The effects on the Italian port network of the new Suez Canal and of the development of Egyptian ports will likely be twofold, according to the competitive position they take in the context of Mediterranean port systems, highlighting new development opportunities for activities focused on import and export flows, which are going to be more substantial in the medium-long term, as well as new threats, which are going to arise especially in the short term, deriving from the increased competition for terminal operators in the transhipment field.

In fact, import-export ports might take advantage especially from:

  • lower transit times toward the Red Sea and the Arabian Gulf;
  • a decrease of operating costs of the ships (except bunker ones), averaging from 5 to 10%;
  • a redrawing of the usual routes (Containers and Ro/Ro) capable of increasing the number of ports reached within the same timeframe of the organizational model of the routes, which is usually of 14, 21 or 28 days. 

Significant advantages might thus be provided to maritime companies transiting through the Mediterranean, the Red Sea and the Arabian Gulf routes. The ones which will benefit more from the traffic increase are going to be those adhering to the main alliances of the container sector, which added this trajectory to a wider range of services (for example between the Indian Subcontinent and Southern Europe), as well as to dedicated routes.

Among the companies capable of granting specialized services a relevant role is taken, for example, by the Italian Grimaldi Lines of Napes and the Tarros of La Spezia, which at the current stage call only in the Egyptian ports of the Mediterranean, among the ones available in the whole area.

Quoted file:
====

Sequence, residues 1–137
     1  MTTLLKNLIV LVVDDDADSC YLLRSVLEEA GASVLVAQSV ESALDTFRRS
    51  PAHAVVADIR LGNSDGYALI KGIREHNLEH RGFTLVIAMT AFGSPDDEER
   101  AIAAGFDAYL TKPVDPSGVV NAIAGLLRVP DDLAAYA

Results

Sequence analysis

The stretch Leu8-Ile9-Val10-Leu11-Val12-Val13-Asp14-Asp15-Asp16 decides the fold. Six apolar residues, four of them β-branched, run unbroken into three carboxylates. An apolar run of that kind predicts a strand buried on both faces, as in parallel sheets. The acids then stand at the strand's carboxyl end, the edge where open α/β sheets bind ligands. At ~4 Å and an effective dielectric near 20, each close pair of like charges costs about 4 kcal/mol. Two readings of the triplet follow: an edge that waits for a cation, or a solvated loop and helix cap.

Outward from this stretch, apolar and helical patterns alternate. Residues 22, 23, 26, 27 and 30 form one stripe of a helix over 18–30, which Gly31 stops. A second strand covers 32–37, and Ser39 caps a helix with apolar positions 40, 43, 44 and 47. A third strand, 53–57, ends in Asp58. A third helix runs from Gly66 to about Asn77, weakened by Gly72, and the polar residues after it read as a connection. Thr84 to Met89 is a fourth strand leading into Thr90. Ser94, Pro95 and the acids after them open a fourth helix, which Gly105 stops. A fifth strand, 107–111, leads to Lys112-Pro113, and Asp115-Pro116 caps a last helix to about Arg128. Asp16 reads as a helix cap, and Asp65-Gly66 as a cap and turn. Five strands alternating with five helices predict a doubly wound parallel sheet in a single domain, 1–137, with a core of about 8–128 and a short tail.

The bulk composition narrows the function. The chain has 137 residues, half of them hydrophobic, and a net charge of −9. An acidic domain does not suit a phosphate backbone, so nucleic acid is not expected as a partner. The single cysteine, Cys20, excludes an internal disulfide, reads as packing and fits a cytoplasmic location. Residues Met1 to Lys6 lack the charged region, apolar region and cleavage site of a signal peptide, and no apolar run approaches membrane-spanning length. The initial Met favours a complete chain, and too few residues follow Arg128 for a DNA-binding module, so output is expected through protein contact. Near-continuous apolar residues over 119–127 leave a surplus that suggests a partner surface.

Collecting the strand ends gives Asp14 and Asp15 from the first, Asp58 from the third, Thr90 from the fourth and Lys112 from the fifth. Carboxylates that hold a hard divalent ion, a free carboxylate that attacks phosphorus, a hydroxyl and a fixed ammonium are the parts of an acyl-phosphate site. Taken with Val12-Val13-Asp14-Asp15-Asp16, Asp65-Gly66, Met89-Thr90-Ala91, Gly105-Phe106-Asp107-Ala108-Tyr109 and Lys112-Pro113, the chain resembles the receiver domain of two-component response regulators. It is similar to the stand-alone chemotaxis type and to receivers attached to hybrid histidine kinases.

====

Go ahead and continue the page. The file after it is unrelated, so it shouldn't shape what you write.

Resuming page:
The main Italian terminal areas dedicated to import-export, Ro-Ro and container traffic are found in Genoa (Terminal Ronco Canepa, managed directly by Ignazio Messina spa), in La Spezia (Gulf Terminal, managed by Tarros), in Salerno with the Salerno Container Terminal Spa (Gruppo Gallozzi) and in Venice (Venice RO- Port-MOS and TIV). In Venice, the entry into force of several important investments related to Ro/Ro traffic allows for relevant growth possibilities. Genoa is also going to be the scenario of some significant infrastructural interventions, although they are going to effectively handle the increase of the traffic expected in the Eastern Mediterranean and the Red Sea only from the end of 2016. Other ports should undertake well-aimed investments in order to avoid congestion issues.

Regarding the cruise sector, the Italian port system of Southern Italy, consisting for the most part by the ports of Naples, Salerno, Bari and Catania, could take direct advantage from the reduction of transit times of the Suez Canal.

Italian transhipment ports might face some threats, especially in the short term. In fact, the expected strengthening of the ports located to the North of the Canal, such as Port Said and Damietta, dedicated to hub & spokes and interlining transhipment traffic, which will be also caused by an expected increase of the regular routes between the Mediterranean and the Red Sea, might divert some of the flows from the Italian ports to the Egyptian ones, repeating what has already happened in the recent past.